Holster your weapons, Fun Police. A little mad fun even in Game Six isn’t a terrible thing. Let Bregman have his when he hits one out; let Soto have his when he hits one out. Especially compared to when it was just plain mad in the seventh inning. Especially when the umpire gives the bear a nastier poke than any big bopper carrying his club to his coach after his big bop.

Especially when we get a Game Seven during which we can expect the Nats and the Astros alike to bop till they drop. The only thing we can’t expect is a Washington or Houston legend like Walter Johnson or J.R. Richard coming in to pitch the ninth, then taking it hammer and tongs through extra innings’ shutout relief, until someone finally bends, breaks, gives, or growls.

Well, nobody said you could have everything. Both the Nats and the Astros will just have to settle for a very prospective kitchen sink Game Seven, and one will just have to settle for hoisting the World Series trophy after it. The lease to the Promised Land. The first such lease for any Washington major league team since the birth of IBM; the second such lease in three years for an Astro team that would secure dynastic status with it.

Game Six proved the viability of an old baseball cliche: Anything can happen—and usually does. Game Seven promises a banquet full of you ain’t seen nothing yet. Let’s hope the promise is kept. For Nats fans, for Astros fans, and for baseball itself.

They boo presidents, don’t they?

2019-10-27 NationalsPark

The boo birds arose when the president was shown at World Series Game Five Sunday night.

This may disappoint those among his loyal fans who like to think everything he does is without precedent, but Donald Trump isn’t even close to being the first sitting president who was ever booed at a baseball game. That news might bother President Tweety, too, since he likes to think he does things that nobody else has done or would do.

It might surprise no few of Trump’s sycophancy to know that even Democrats were troubled when the president’s mug from a Nationals Park luxury box hit the large video screen on the scoreboard before World Series Game Five and the boo birds chirped and sang “Lock him up!” through the booing.

Frankly think the office of the president deserves respect,” said Sen. Chris Coons (D-Delaware), “even when the actions of our president at times don’t.”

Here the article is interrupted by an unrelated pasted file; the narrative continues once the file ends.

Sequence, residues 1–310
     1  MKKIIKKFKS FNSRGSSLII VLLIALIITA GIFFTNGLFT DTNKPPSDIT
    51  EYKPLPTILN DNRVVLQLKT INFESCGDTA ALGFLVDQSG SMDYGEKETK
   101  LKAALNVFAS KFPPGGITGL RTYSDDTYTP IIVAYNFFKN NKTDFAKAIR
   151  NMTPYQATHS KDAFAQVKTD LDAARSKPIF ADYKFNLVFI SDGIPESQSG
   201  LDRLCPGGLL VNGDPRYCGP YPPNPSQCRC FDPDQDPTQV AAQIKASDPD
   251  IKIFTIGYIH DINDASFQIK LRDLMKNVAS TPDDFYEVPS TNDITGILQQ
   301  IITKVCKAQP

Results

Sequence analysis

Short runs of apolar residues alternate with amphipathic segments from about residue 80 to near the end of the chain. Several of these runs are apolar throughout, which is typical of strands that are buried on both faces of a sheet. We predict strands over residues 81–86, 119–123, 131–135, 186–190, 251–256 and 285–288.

Trump, of course, played some high school baseball and was actually scouted by the Phillies at the time, choosing instead to follow his father into the real estate game. From his presidential inauguration until Game Five, however, President Tweety hadn’t gone to a single live Washington sporting event. Not even when the Nationals reached the postseason in 2017.

In the seventh inning during the Astros’ 7-1 Game Five win, the Nats Park crowd began chanting “Lock him up! Lock him up!” again. But the target that time wasn’t Trump, it was home plate umpire Lance Barksdale, whose evening full of dubious pitch calls—especially the ball four he called strike three with Nats center fielder Victor Robles at the plate that inning—had both Nats and Astros fans outraged.

The problem with Coons’s distinction between the man and the office is that it works far more intellectually than viscerally. Human nature is what human nature is. Ordinary American citizens write screeds against presidents they despise without being accused of despising the office except by those who adore the targets of their wrath. The law is mostly wonderful that way.

And ballpark crowds have booed individual presidents in the past without once believing they’re booing the presidency, even if they don’t always throw in chants to lock them up. Always have, as the Washington Post‘s “D.C. Sports Bog” writer Matt Bonesteel reminds us. And one or two of them were former baseball people themselves.

Herbert Hoover, for example. He played ball at Stanford University, and also served as its team’s student manager. He played shortstop until a dislocated finger compelled him to stop, but it isn’t known whether he played the position like the signature product of the non-related manufacturing family that bore his surname.

Bonesteel reminds us Hoover’s favourite newspaper reading was the sports section. He made a point of throwing out the ceremonial first pitch at every Washington Senators home Opening Day during his single-term presidency. He also went to World Series games in three years, all to watch the Philadelphia Athletics.